Two of these courts, established in 1991 and 2011, are charged with examining the judges’ conduct from a religious and ideological standpoint. The process does not necessarily involve the defendant and the final decision, left to the Head of the Judiciary, is not subject to appeal.

 

Human rights violations

Based on the available information, the following human rights may have been violated in this case:

  • The right to liberty and security of the person. The right not to be subjected to arbitrary arrest and detention.

Universal Declaration of Human Rights (UDHR), Article 3; International Covenant on Civil and Political Rights (ICCPR), Article 9.1.

  • The right not to be punished for any crime on account of any act or omission which did not constitute a criminal offence, under national or international law, at the time it was committed.

UDHR, Article 11.2; ICCPR, Article 15, Article 6.2.

  • The right not to be subjected to arbitrary or unlawful interference with his privacy, family, home or correspondence, nor to unlawful attacks on his honor and reputation.

UDHR, Article 12, ICCPR, Article 17.1.

In its general comment 22 (48) of 20 July 1993, the United Nation’s Human Rights Committee observed that the freedom to "have or to adopt" a religion or belief necessarily entailed the freedom to choose a religion or belief, including the right to replace one’s current religion or belief with another or to adopt atheistic views, as well as the right to retain one’s religion or belief. Article 18, paragraph 2, of the International Covenant on Civil and Political Rights bars coercion that would impair the right to have or adopt a religion or belief, including the use of threat of physical force or penal sanctions to compel believers or non-believers to adhere to religious beliefs and congregations, to recant their religion or belief or to convert.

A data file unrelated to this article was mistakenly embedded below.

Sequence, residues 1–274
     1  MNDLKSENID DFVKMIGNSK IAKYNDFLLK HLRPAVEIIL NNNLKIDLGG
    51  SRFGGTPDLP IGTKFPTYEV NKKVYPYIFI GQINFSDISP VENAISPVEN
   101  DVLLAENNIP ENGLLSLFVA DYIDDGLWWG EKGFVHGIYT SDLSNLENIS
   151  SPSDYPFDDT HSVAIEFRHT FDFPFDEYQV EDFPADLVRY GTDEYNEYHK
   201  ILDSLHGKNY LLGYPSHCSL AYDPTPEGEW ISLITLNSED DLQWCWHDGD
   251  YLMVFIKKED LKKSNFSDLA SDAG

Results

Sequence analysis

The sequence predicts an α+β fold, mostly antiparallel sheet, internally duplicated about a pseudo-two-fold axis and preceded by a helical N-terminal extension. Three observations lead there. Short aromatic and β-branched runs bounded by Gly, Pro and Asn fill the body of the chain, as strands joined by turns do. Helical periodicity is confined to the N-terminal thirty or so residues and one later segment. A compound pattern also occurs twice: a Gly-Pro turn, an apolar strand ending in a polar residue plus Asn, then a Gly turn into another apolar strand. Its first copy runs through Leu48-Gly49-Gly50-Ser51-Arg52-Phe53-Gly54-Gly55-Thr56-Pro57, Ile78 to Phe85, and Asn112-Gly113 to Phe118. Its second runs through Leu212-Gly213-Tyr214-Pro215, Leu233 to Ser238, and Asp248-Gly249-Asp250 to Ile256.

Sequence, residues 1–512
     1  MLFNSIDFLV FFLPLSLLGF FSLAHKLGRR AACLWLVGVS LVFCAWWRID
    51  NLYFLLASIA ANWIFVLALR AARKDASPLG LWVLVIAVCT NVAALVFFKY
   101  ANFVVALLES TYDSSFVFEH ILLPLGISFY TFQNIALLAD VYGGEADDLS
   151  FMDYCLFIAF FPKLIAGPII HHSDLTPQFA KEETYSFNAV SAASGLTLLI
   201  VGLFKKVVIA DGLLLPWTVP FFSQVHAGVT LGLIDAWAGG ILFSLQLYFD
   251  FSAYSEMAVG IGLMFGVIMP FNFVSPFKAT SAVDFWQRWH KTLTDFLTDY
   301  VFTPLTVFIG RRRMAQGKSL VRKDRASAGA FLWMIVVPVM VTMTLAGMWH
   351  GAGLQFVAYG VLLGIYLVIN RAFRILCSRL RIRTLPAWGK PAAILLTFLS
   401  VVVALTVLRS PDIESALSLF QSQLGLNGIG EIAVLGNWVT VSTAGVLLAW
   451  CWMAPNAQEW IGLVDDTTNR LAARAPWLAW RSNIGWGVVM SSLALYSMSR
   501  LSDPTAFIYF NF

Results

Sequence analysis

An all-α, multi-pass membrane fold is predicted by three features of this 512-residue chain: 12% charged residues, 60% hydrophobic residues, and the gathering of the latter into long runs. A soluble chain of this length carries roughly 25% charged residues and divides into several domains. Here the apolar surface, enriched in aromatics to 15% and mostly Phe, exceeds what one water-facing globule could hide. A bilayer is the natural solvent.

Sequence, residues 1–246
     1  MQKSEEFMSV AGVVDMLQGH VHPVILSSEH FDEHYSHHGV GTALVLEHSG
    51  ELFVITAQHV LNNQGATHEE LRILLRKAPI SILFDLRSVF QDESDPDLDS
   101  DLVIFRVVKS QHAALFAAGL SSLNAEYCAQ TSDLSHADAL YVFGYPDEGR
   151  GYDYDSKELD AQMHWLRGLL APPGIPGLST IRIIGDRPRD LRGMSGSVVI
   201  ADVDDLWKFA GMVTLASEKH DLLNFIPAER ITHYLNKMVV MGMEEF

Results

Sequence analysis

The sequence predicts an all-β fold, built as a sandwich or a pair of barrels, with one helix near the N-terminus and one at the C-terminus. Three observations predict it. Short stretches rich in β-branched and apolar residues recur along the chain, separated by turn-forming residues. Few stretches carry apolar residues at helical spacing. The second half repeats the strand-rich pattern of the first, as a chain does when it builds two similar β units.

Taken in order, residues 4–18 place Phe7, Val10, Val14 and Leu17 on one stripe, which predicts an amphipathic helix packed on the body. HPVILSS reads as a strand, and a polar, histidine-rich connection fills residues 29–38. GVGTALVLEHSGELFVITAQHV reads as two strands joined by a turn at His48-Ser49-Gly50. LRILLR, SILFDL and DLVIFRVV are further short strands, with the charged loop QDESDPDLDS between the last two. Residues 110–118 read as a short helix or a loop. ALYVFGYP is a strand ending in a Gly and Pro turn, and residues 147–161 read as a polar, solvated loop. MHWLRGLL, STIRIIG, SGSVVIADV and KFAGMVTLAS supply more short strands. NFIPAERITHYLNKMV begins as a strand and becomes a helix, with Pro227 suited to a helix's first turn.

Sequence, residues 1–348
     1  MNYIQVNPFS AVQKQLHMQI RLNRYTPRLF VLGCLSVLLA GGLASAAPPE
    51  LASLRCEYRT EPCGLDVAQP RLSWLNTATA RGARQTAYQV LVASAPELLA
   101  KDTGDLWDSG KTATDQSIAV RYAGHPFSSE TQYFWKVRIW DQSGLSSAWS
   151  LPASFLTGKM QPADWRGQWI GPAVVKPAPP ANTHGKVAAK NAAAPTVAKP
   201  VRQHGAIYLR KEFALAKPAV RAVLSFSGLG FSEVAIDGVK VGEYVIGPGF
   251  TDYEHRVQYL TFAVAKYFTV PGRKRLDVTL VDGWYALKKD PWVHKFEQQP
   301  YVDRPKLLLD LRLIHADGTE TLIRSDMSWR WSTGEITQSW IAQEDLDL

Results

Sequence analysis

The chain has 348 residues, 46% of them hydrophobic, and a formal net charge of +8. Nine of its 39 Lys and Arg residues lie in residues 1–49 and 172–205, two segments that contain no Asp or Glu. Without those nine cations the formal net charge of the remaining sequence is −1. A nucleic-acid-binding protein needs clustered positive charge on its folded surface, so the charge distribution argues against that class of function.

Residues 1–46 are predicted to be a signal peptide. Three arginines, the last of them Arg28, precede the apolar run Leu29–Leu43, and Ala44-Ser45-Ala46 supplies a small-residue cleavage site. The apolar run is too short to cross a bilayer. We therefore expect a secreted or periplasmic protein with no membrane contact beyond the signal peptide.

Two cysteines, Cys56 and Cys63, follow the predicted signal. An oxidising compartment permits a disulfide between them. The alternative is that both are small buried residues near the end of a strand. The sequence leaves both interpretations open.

• The right to freedom of opinion and expression, including the right to hold opinions without interference and to seek, receive and impart information and ideas.

UDHR, Article 19; ICCPR, Article 19.1 and ICCPR, Article 19.2.

  • The right, as a member of a religious or ethnic minority, to enjoy one’s own culture or to profess and practice one’s own religion.

UDHR, Article 18; ICCPR, Article 27.

  • The right to equality before the law and the right to equal protection of the law.

UDHR, Article 7; ICCPR, Article 26.

The right to due process

  • The right to be presumed innocent until found guilty by a competent and impartial tribunal in accordance with law.

ICCPR, Article 14.1 and Article 14.2.

Pre-trial detention rights

  • The right to know promptly and in detail the nature and cause of the charges against one.

UDHR, Article 9(2); ICCPR, Article 9.2 and Article 14.3.a

  • The right to counsel of one’s own choosing or the right to legal aid. The right to communicate with one’s attorney in confidence

ICCPR, Article 14.3.b and Article 14.3.d; Basic Principles on the Role of Lawyers, Article 1, Article 2, Article 5, Article 6, and Article 8.

  • The right to adequate time and facilities for the preparation of the defense case.

ICCPR, Article 14.3.b.

  • The right not to be compelled to testify against oneself or to confess to guilt.

ICCPR, Article 14.3.g.

  • The right not to be subjected to torture and to cruel, inhuman or degrading treatment.

ICCPR, Article 7; Convention Against Torture and Other Cruel Inhuman or Degrading Treatment and Punishment, Article 1 and Article 2.

Trial rights

  • The right to a fair and public trial without undue delay.

ICCPR, Article 14.1, Article 14.3.c.

  • The right to examine, or have examined, the witnesses against one, and the right to obtain the attendance and examination of witnesses on one’s behalf under the same conditions as prosecution witnesses.

ICCPR, Article 14.3.d and Article 14.3.e.

  • The right to have the decision rendered in public.

ICCPR, Article 14.1.

About this Case

was arrested and returned to jail, despite being released on an indefinite leave permission. To protest his arrest, he went on hunger strike. Nine days later, he died in Evin Prison.